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By: An N.
They are faster than the other place in WS. They have chairs to sit in. The kiosks respond better to your touch. Only con is that the employees talk way too much and do not seem well supervised. The manager seems to just let them run the place on their own. I hear a lot of personal chitchat and see employees texting while working. I overheard a couple of employees running another employee down while I was being hooked to a machine. Also they open the doors at a quarter to, and depending on who opens the door, decides how you go in. One employee just lets you in first come first serve, while another will let in the people sitting in there cars first and the others later. You never know whether to sit in your car or get out and wait. And the lady with the glasses will send you to the end of the line if she sees you standing outside near your car instead of sitting in it. People park in the handicap spots without handicap signs just to get closer to the door and they do not do anything about it. There system for people first thing in the morning needs to be fixed. They should set up an area for people to line up as they arrive. No more letting the people in cars go first. I saw people walk there or ride a bus and they should go sooner than those sitting in their cars since they arrived sooner. Also, never show any kind of attitude, THEY WILL DEFER YOU!
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By: Joan C.
The facility in WS is well run but needs appointments or a system that can be used by people waiting in the parking lot as they arrive so that the last to arrive are NOT the first to give plasma. I am often the first there and 20th in.
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By: Randy P.
the people are friendly and some what fast here....was in and out in less then an hour and a half.this is the only plasma center i will ever go to.
By: segadaddy
it fills good to help others in need.
Tips & Advices
One study cited by the National Institutes of Health found only 1.2 percent of blood donors experienced any kind of adverse reaction from giving blood. The most common side effects from giving blood are relatively mild:
  • Lightheadedness upon standing is common. Donors are encouraged to rest for at least 15 minutes after the procedure while drinking water and eating a small snack. Some donors find they become nauseous after the procedure, but this should subside quickly.
  • Pain and some bruising around the injection site is common. Pain should be mild, but it is normal for bruising to persist for several days.
  • For a few days afterward, the loss of blood may induce dizziness or feelings of weakness when performing strenuous activity. Donors are advised to avoid physical exertion for 24 hours after the procedure, and to be cautious when exercising for the following week.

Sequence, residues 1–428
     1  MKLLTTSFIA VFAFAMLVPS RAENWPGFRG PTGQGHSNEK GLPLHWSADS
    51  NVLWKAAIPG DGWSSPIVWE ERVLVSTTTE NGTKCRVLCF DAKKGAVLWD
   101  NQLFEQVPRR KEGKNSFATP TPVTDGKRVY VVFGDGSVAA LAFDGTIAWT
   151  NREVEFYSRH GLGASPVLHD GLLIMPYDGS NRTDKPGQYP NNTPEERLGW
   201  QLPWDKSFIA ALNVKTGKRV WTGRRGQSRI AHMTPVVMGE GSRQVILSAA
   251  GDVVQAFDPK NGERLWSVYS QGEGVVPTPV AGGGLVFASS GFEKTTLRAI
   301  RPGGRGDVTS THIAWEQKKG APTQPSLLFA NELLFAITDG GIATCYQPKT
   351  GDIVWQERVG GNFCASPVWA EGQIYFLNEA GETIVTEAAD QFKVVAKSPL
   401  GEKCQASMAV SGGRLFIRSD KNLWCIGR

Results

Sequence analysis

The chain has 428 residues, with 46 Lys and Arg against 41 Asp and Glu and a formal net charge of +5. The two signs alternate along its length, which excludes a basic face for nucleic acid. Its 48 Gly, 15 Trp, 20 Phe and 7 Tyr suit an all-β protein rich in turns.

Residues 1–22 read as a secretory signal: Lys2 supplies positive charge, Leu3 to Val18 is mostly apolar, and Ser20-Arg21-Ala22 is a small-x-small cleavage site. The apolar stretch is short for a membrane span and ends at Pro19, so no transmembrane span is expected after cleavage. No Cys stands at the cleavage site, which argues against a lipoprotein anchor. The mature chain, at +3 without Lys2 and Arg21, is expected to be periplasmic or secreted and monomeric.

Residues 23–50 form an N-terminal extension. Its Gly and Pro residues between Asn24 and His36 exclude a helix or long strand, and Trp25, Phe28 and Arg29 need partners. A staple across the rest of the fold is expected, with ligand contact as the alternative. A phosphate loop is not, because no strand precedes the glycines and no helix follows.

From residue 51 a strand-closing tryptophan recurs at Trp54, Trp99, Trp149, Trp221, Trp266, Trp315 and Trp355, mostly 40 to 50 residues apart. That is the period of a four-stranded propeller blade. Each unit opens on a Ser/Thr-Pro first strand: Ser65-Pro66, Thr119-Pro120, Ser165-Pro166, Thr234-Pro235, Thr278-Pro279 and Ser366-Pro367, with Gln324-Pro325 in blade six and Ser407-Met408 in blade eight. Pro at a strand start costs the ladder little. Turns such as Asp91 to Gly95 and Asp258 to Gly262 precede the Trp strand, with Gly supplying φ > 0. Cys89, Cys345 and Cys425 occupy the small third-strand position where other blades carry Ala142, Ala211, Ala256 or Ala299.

Very rarely, blood donors may vomit or faint immediately after the procedure. This is generally benign and will resolve itself within hours. Donors should seek medical attention if they experience significant pain or tingling in their arm and around the injection site, or if bruising does not subside within a week. If a donor shows signs of a cold or flu in the days following the procedure, they should call the blood center since this may make the blood sample unsafe to use.
By definition, blood donation is voluntary and done without compensation. Some blood banks do offer cash or other rewards for giving blood. Whether donors are paid or not, blood banks typically serve as intermediaries between blood sources and hospitals. Even voluntarily donated blood is usually tested, separated and sold to medical services for use in blood transfusions and other procedures.
Blood donations are considered safe when performed by trained professionals who follow all the necessary procedures. In healthy donors, side effects are generally mild (see below), and serious complications are rare.
Different organizations have their own restrictions on who is eligible to give blood. The most common requirements stipulate donors must be old enough to give legal consent (17 in most states) and should be in good physical health. Most organizations prohibit donations from people with diseases that can be transmitted through blood, such as HIV and hepatitis. Beyond that, organizations may prevent donations from people who have traveled to or lived in certain countries where there is a greater risk of disease. There might be additional restrictions in place as eligibility for blood donation is at the sole discretion of the organization collecting it.
Blood centers typically  allow eligible donors to undergo a whole blood donation once every 16 weeks (56 days). Donations through apheresis are allowed every seven days, up to 24 times per year.

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